Here are some of the important, interesting, or just plain strange events that occurred this week in Tribe history.
June 22, 1946
Seventy-four years ago on this date, Bill Veeck purchased the Indians. Veeck was a baseball original, willing to challenge existing orthodoxies. Prior to his purchase of the Indians, he attempted to buy the Philadelphia Phillies in 1942. Per Veeck’s autobiography Veeck As In Wreck, he planned to purchase the Phillies and fill the roster with Negro League players. However, the MLB did not allow the sale to go forward. This account is in dispute, but it indicates the off-the-beaten-path thinking of his.
As for the Indians, Veeck moved the team to Municipal Stadium permanently in 1947. In the previous seasons, the Tribe split its home games between League Park and Municipal. Taking advantage of the stadium’s yawning dimensions, Veeck had a movable fence installed in the outfield. He had the fence moved in or out depending on how the distance favored the Tribe against an opponent. Unfortunately for him, the American League countered this strategy with a rule change that fixed the distance of an outfield wall for the entirety of the season. In July of 1947, he signed Larry Doby, making him the first black player in American League history. Veeck signed Satchel Paige during the 1948 season, making him the oldest rookie in MLB history.
Showing that he paid attention to the fans, Veeck stopped trying to trade star player Lou Boudreau after fans signed petitions and led mass protests. In fact, per Baseball Reference, he visited every bar in Cleveland in order to apologize for his mistake. The following year, Boudreau helped lead the Tribe to its first pennant and World Series victory since 1920. In 1949, when it became clear that the Indians would not repeat as champions, he buried the 1948 flag. In the offseason, Veeck sold his shares of the team in order to conclude an expensive divorce proceeding with his wife. Although his time in Cleveland was brief, it was quite memorable.
Veeck took his antics to St. Louis and Chicago where he was the owner of the Browns from 1951-1953 and the White Sox from 1959-1961 and 1975-1981. While owning the Browns, he famously had Eddie Gaedel, a 3’7 circus performer, pinch-hit. He walked on four pitches. Veeck’s time with the White Sox saw him introduce an “exploding scoreboard,” featuring lights, sirens, and multicolor pinwheels among other components. He was the first to have player names on the backs of jerseys.
Veeck was the only owner to testify in support of Curt Flood during the court case concerning Flood’s attempt to gain free agency. In response to Flood’s victory, Veeck created a “Rent-A-Player” model to help navigate the increased cost of player salaries. This model revolved around the idea of acquiring other teams’ star players in their option year. The acquired player was not expected to re-sign with the new team, thus he was a “rental.”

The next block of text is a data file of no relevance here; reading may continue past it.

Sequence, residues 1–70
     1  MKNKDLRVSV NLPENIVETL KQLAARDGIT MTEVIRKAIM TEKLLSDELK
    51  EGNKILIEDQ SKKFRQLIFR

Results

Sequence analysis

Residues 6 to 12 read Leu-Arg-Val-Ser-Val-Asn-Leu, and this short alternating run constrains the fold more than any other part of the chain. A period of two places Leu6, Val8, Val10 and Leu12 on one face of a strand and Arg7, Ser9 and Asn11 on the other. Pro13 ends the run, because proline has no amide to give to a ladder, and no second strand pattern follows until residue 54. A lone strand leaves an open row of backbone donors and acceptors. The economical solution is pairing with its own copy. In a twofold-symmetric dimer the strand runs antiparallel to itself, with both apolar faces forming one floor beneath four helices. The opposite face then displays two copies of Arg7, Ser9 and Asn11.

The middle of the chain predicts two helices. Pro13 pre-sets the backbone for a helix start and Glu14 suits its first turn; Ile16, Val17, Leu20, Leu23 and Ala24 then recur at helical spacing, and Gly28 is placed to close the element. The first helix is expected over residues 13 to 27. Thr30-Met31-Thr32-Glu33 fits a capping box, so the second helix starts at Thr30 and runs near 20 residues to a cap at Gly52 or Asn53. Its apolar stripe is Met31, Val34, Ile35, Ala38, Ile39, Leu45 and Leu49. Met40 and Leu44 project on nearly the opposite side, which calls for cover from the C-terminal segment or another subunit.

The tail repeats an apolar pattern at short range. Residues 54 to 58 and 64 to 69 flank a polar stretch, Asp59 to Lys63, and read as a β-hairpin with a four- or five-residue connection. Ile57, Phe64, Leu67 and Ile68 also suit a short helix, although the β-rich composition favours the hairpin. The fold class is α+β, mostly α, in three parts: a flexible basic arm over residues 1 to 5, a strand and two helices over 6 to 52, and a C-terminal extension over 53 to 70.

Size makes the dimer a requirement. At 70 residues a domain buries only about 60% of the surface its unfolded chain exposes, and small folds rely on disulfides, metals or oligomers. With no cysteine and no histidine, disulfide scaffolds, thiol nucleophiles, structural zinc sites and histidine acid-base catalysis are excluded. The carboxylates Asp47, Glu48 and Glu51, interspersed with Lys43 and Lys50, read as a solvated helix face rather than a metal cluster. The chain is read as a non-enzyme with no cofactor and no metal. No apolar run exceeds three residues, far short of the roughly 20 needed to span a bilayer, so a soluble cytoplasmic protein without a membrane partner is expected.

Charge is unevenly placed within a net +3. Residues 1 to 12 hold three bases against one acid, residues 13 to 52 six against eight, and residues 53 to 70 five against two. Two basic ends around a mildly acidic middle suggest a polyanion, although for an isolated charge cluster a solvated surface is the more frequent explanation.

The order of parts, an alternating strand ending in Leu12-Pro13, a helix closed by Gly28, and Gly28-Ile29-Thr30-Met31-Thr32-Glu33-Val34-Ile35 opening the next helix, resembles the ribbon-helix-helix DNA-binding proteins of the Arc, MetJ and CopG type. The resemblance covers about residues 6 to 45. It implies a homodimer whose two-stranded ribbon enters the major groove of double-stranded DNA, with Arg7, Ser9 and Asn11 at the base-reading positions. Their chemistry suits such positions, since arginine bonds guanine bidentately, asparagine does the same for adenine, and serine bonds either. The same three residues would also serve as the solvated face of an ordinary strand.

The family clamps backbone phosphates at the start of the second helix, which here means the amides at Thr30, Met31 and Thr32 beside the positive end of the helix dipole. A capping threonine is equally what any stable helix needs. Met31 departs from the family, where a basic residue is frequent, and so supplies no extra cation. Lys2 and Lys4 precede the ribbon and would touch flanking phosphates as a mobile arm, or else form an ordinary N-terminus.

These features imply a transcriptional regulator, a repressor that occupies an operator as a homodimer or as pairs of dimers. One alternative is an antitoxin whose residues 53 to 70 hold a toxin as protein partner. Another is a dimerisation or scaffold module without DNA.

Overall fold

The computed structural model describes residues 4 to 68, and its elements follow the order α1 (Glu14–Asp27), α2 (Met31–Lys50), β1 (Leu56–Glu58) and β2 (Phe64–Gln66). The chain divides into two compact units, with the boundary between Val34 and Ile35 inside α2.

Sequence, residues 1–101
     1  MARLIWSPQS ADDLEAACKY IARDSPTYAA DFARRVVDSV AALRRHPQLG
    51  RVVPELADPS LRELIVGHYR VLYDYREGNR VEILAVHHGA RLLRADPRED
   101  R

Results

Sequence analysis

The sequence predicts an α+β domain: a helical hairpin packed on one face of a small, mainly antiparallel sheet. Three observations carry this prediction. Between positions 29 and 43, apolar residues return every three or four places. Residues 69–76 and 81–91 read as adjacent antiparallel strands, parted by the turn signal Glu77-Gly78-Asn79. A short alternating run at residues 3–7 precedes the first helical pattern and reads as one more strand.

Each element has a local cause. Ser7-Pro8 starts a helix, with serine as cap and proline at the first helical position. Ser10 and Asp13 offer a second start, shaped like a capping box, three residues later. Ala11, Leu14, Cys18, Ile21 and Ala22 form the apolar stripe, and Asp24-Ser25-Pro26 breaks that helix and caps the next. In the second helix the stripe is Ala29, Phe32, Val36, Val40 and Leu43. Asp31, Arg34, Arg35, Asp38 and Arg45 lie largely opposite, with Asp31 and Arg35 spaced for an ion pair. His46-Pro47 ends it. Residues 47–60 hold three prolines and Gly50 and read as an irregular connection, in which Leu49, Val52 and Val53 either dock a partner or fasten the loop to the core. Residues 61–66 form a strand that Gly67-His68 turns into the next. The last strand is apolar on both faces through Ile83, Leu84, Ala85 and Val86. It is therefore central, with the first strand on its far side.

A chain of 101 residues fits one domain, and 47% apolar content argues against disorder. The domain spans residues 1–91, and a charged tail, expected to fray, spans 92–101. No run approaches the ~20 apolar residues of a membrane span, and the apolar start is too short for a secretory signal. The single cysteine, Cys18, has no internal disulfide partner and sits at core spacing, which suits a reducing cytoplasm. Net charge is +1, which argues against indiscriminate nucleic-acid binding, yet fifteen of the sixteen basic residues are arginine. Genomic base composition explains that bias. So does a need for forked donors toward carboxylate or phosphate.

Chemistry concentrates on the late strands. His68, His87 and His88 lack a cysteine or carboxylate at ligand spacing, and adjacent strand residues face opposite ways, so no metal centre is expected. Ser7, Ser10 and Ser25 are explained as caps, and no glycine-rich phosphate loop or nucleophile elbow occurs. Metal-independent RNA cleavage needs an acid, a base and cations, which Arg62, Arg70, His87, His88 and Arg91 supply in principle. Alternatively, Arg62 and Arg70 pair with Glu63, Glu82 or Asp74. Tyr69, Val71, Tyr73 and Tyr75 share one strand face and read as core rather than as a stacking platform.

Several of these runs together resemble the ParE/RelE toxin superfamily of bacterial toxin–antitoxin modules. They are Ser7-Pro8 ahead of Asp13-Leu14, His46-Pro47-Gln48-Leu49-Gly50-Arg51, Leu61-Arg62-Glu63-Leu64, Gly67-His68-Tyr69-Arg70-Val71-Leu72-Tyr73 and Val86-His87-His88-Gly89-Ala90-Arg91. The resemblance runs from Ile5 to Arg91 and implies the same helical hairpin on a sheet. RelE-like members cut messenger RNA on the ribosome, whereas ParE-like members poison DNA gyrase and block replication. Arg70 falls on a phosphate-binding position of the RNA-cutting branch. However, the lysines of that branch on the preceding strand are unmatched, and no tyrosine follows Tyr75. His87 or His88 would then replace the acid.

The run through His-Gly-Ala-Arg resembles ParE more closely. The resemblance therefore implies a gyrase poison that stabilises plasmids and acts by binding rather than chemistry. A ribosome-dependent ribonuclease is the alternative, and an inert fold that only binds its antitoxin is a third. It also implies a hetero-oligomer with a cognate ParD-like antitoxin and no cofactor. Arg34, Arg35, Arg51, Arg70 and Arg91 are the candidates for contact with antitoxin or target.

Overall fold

It was Bill Veeck who decided to have Harry Caray sing “Take Me Out to the Ballgame” during the seventh-inning stretch. After leaving the White Sox, Caray continued this tradition with the Cubs. In one of his more infamous promotions, Veeck had the White Sox host a Disco Demolition Night. This resulted in a riot centering on the destruction of disco records on the field between games of a doubleheader. Because player safety could not be guaranteed, the White Sox had to forfeit the second game.
Bill Veeck entered the Baseball Hall of Fame in 1991.
June 24, 1988
On his 31st birthday, Doug Jones set the MLB consecutive saves record at 14 as the Tribe defeated the Yankees 7-5. Jones pitched 2 1/3 innings picking up a strikeout. The streak reached 15 before coming to an end. Jones’s new mark broke the previous record of 13 held by Steve Bedrosian established the previous season. Many relievers have broken the record in the seasons that followed. Eric Gagne is the current record holder with 84.
Although he was by no means a fireballer, Jones was quite effective in his time with Cleveland. His most effective weapon was a devastating changeup that dipped down-and-away to lefties and down-and-in to righties. 1988 started a three-year run of dominance for Doug Jones. He made the All-Star team all three years and earned 112 saves, second only to Dennis Eckersley during that period.
He ended his time with the Tribe as its all-time saves leader with 129. Jones also held the Tribe record for most saves in a season with 43. Both records have since been broken.
June 26, 1916
The Cleveland Indians became the first Major League franchise to wear uniforms with numbers as they defeated the Chicago White Sox 2-0. Per The Plain Dealer:
“An innovation was sprung by the management when the Indians appeared with numbers upon their sleeves such as are worn by the drivers of race horses. It was the carrying out of an idea by Vice President Robert McRoy, and will, it is expected, be adopted by the league. Graney for instance, is №1, Turner, №2; Speaker No 3, and so on.”
The number was attached to the uniform sleeve only. The use of the number declined over the course of the season, finally disappearing altogether. However, in 1929, the Tribe became the first team in MLB history to wear a number on the back of the uniform.